You've inevitably seen Keith Haring's vibrant stick figures on keychains, coffee mugs, T-shirts and tote bags. It would be easy to dismiss the late muralist's Warhol-like merchandising saturation as selling out, but the truth is Haring's politically aware chalk works were always in search of as many widespread mediums as possible.
The Petersen Automotive Museum is presenting an entire exhibition of arguably the most unusual of those mediums: cars. Beginning December 17, The Unconventional Canvases of Keith Haring will put five cars on display that Haring had painted or marked up in his signature style.
Haring decorated all of the vehicles on display between 1983 and 1990, including four cars—1963 Buick Special, 1971 Land Rover Series III, 1990 BMW Z1 and a 1962 SCAF/Mortarini Mini Ferrari 330 P2 Motorized Child’s Automobile—and one motorcycle—1987 Honda CBR1000F Hurricane.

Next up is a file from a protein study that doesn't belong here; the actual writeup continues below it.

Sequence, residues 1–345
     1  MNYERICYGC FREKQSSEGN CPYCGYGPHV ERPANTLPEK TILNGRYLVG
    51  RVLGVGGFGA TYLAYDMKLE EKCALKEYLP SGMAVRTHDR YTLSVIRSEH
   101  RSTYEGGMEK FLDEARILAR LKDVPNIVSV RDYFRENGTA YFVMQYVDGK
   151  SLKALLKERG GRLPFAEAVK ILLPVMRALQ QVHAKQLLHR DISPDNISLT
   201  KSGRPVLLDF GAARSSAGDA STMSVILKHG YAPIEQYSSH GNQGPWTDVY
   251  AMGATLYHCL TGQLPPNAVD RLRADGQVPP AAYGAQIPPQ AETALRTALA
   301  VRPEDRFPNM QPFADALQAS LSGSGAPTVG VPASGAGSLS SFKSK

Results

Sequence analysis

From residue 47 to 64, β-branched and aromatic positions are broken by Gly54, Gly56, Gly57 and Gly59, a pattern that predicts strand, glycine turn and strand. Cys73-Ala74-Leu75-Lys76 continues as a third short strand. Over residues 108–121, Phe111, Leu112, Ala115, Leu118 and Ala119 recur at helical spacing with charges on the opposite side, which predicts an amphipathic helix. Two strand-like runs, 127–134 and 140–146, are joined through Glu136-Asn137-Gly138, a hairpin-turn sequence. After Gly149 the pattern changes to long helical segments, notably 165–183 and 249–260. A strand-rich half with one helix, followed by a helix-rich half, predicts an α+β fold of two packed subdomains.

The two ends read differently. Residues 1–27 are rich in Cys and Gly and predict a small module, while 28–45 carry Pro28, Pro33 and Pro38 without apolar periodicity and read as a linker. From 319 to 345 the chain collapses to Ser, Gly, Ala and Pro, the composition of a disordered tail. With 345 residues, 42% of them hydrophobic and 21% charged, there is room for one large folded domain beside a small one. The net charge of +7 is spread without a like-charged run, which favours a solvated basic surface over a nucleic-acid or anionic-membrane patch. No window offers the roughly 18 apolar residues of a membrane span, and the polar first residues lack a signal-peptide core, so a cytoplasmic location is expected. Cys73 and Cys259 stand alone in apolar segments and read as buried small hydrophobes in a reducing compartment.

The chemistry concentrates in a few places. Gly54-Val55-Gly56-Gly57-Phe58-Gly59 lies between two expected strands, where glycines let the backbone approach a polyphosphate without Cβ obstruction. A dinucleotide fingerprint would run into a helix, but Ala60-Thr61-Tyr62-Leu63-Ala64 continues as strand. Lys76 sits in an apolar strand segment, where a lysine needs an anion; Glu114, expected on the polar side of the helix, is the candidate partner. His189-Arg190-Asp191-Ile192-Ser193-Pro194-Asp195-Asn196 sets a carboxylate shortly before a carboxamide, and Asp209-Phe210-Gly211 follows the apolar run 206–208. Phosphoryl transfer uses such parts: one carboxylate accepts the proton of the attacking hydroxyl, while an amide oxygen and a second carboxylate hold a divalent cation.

One of the cars, the 1971 Land Rover, already made its debut at the museum this past summer. But the exhibition will mark the first time that a number of Haring's cars have been on display at once.
The pieces were all created over a series of artist-in-residencies at the Montreux Jazz Fest and the legendary 24 Hours of Le Mans race, as well as promotional events for the Fast Art Gallery in New Jersey and Galerie Hans Mayer in Düsseldorf. In addition, a collection of two- and three-dimensional Haring works will complement the art cars.
Haring's playful designs may look perfectly innocent, but his most iconic designs often confronted social issues that dominated the late '80s: Apartheid, AIDS and crack.
The Unconventional Canvases of Keith Haring opens December 17 at the Petersen Automotive Museum, with an opening reception and preview on December 15 ($35).
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